Charles Taylor on Three Kinds of SecularityA Secular Age (Harvard University Press: June 30, 2009), pp. 1-3.
What does it mean to say that we live in a secular age? Almost everyone would agree that in some sense we do: I mean the “we” who live in the West, or perhaps Northwest, or otherwise put, the North Atlantic world — although secularity extends partially, and in different ways, beyond this world. … But it’s not clear in what this secularity consists. There are two big candidates for its characterization … The first concentrates on the common institutions and practices — most obviously, but not only, the state. The difference would then consist in this, that wheareas the political organization of all pre-modern societies was in some way connected to, based on, guaranteed by some faith in, or adherence to God, or some notion of ultimate reality, the modern Western state is free from this connection. … Religion or its absence is largely a private matter. The political society is seen as that of believers (of all stripes) and non-believers alike.
Put in another way, in our “secular” societies, you can engage fully in politics without ever encountering God, that is, coming to a point where the crucial importance of the God of Abraham for this whole enterprise is brought home forcefully and unmistakably. The few moments of vestigial ritual or prayer barely constitute such an encounter today, but this would have been inescapable in earlier centuries in Christendom.
This way of putting it allows us to see that more than the state is involved in this change. If we go back a few centuries in our civilization, we see that God was present in the above sense in a whole host of social practices — not just the political — and at all levels of society … And if you go back even farther in human history, you come to archaic societies in which the whole set of distinctions we make between the religious, political, economic, social, etc., aspect of our society ceases to make sense. In these earlier societies, religion was “everywhere”, was interwoven with everything else, and in no sense constituted a separate “sphere” of its own.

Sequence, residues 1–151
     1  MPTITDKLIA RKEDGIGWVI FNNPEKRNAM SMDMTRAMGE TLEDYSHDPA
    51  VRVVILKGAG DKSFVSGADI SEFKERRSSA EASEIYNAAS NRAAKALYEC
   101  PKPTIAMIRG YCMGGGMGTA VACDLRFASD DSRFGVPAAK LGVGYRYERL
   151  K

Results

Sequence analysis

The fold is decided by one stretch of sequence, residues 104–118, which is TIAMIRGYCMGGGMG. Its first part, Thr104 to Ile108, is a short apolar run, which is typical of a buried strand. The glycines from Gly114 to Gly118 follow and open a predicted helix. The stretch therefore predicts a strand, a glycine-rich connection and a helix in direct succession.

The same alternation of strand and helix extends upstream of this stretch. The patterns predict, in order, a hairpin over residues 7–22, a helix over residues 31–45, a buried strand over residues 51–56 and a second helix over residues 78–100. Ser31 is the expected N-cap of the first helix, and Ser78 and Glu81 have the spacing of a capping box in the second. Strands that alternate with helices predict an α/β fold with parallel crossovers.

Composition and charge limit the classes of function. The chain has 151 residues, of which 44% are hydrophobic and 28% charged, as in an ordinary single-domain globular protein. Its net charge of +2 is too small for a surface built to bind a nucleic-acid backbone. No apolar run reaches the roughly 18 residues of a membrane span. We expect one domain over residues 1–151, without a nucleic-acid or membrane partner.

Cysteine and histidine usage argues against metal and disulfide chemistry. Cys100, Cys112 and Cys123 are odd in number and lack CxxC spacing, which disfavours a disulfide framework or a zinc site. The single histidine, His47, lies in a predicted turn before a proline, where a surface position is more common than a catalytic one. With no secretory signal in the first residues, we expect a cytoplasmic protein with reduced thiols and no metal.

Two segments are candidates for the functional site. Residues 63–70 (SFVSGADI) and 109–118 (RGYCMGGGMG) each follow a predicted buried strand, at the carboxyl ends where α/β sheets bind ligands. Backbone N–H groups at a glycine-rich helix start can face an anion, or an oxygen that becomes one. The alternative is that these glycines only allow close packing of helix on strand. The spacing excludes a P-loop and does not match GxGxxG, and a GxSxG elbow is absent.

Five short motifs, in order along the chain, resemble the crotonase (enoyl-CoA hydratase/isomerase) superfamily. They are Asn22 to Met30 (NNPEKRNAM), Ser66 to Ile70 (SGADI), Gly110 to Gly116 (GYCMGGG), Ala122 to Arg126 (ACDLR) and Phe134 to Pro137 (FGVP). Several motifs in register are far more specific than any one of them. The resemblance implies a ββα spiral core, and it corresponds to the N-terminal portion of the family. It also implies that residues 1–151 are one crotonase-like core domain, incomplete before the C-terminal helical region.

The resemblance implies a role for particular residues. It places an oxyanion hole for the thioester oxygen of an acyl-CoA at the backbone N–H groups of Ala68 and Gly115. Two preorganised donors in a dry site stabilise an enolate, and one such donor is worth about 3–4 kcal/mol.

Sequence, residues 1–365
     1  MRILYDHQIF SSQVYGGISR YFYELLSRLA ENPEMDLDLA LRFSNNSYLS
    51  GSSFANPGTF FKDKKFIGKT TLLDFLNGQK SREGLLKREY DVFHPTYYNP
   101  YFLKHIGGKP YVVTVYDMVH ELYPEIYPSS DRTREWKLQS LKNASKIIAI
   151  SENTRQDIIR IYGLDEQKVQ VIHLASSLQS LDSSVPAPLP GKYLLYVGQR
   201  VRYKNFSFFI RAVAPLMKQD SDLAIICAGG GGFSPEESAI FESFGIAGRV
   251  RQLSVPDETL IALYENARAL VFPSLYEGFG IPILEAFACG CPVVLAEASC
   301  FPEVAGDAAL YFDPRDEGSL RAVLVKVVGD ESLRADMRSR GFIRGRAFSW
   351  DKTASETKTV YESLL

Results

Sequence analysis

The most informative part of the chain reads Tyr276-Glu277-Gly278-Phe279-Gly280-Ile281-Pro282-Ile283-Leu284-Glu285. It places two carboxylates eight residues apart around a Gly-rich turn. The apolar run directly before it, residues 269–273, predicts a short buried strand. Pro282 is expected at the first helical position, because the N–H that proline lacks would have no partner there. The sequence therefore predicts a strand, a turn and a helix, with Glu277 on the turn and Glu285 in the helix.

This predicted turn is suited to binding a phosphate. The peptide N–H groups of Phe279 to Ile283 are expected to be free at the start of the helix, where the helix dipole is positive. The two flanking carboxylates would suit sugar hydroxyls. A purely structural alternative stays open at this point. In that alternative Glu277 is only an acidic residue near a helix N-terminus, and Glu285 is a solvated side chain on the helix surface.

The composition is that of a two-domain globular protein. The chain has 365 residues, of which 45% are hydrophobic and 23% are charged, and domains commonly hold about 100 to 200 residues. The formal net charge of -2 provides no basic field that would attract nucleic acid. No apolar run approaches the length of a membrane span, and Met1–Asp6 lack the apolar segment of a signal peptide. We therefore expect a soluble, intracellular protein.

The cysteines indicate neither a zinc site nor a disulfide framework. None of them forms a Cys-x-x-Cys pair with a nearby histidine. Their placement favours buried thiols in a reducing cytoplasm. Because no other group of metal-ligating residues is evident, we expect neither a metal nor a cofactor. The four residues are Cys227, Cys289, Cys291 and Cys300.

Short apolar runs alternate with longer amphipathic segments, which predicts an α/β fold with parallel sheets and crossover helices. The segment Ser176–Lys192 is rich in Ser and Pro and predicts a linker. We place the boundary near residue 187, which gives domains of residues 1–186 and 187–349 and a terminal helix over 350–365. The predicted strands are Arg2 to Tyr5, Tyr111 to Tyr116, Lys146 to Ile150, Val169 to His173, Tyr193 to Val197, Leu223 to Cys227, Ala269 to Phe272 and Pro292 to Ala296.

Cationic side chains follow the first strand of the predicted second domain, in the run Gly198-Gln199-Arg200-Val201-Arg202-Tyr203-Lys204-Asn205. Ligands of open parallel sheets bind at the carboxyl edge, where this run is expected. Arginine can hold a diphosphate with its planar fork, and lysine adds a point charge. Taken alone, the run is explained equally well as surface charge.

One understanding of secularity then is in terms of public spaces. These have been allegedly emptied of God, or of any reference to ultimate reality. Or taken from another side, as we function within various spheres of activity — economic, political, cultural, educational, professional, recreational — the norms and principles we follow, the deliberations we engage in, generally don’t refer us to God or to any religious beliefs; the considerations we act on are internal to the “rationality” of each sphere — maximum gain within the economy, the greatest benefit to the greatest number in the political area, and so on. This is in striking contrast to earlier periods, when Christian faith laid down authoritative prescriptions, often through the mouths of the clergy, which could not be easily ignored in any of these domains, such as the ban on usury, or the obligation to enforce orthodoxy.
But whether we see this in terms of prescriptions, or in terms of ritual or ceremonial presence, this emptying of religion from autonomous social spheres is, of course, compatible with the vast majority of people still believing in God, and practicing their religion vigorously. The case of the Communist Poland springs to mind. This is perhaps a bit of a red herring, because the pubic secularity was imposed there by a dictatorial and unpopular régime. But the United States is rather striking in this regard. One of the earliest societies to separate Church and State, it is also the Western society with the highest statistics for religious belief and practice.